Note that this fully automated algorithm works also if there is only one hybrid referential system used.

As mentioned above, the surgical instrument to navigate is attached to a tracker to be detected by the localizing system.

The instrument would be preferably implemented by using a connecting device as shown in FIG. 7, such connecting device enabling a secured fixation of the tracker on the surgical instrument.

This connecting device is advantageous as it is in particular adaptable to all instruments with a diameter ranging from 1 to 6 mm and has an axis position which is identical with an error which is less than 1 mm.

The connecting device is composed of two articulated arms (20 a and 20 b) connected by a base (22) which supports the tracker connection interface (23) with which the tracker (25) can be connected. This interface will be further referred to as tracker slot. Note that the articulation between the arms and the base can either be achieved by means of an axis or with a flexible area (ails parts being a single one in this embodiment).

The connecting device is maintained in position on the instrument (24) by mean of a clamping mechanism composed of two grooves facing each other (21 a and 21 b). The device incorporates a spring that applies a force to the instrument so that there is no play left when the clamp is released by the user.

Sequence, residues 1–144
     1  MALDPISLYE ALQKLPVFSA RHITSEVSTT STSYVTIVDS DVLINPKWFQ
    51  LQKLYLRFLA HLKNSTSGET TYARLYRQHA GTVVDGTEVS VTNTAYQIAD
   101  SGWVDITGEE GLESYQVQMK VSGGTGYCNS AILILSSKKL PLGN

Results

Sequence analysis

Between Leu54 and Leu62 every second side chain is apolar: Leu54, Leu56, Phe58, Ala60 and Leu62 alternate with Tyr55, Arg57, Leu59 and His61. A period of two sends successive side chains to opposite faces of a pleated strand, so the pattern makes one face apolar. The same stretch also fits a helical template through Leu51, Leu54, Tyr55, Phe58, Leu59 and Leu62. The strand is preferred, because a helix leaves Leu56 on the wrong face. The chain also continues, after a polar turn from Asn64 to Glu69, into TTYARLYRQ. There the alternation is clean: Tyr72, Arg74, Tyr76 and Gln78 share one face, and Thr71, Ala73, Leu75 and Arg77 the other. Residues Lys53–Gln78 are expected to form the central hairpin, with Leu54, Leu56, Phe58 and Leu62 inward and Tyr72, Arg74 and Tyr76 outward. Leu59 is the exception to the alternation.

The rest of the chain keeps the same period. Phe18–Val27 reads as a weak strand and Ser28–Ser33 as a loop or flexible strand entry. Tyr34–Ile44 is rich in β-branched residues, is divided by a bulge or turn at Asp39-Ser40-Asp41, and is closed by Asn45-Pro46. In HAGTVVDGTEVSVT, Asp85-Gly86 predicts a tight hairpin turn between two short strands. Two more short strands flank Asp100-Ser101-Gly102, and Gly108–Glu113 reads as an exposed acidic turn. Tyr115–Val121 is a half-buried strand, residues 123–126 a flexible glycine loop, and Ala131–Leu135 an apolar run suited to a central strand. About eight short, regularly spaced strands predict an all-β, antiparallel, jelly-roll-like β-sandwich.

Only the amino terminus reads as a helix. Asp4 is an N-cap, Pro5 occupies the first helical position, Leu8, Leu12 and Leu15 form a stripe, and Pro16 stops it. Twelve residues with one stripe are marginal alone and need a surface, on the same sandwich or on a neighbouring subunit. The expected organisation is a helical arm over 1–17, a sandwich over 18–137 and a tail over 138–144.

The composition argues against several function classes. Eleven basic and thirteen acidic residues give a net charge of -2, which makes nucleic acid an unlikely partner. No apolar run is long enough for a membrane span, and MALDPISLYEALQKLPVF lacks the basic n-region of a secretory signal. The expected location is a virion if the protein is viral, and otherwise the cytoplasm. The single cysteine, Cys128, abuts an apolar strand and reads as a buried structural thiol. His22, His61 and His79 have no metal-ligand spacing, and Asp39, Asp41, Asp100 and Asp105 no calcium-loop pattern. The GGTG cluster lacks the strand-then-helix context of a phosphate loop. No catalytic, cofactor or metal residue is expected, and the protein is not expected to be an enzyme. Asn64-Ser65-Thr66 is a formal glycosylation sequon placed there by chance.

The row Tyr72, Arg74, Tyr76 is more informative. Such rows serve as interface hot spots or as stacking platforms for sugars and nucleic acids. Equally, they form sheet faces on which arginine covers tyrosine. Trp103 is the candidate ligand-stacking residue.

The device is designed so that the two articulated arms move in a symmetrical manner relatively to the base. This can be achieved either with gears on each arms engaging each other or simply by having two identical loaded springs on each arm. These identical springs will make sure that when the device is clamped its balance position will be symmetrical.

This symmetrical movement disposition makes sure that the instrument axis (24) position does not change relatively to the tracker slot when the instrument diameter changes.

As illustrated on FIG. 8, the connecting device creates a sliding pivot link between a tracker (32) and a navigated instrument (31). While the device is mounted, the instrument is still able to slide (35) and rotate (34) along its main axis relatively to the connecting device if a slight pressure is applied by the user. This link can be destroyed at anytime by simply removing the connecting device from the navigated instrument. If no pressure is applied, the navigated instrument remains fixed to the connecting device.

As illustrated on FIG. 9, the connecting device is designed and built in so that the relation between the tracker (32) and the axis position and orientation of the instrument (31) is perfectly known within the tracker reference (33). More importantly, the clamping mechanism ensures that the same position is obtained each time the instrument is removed and replaced into the device.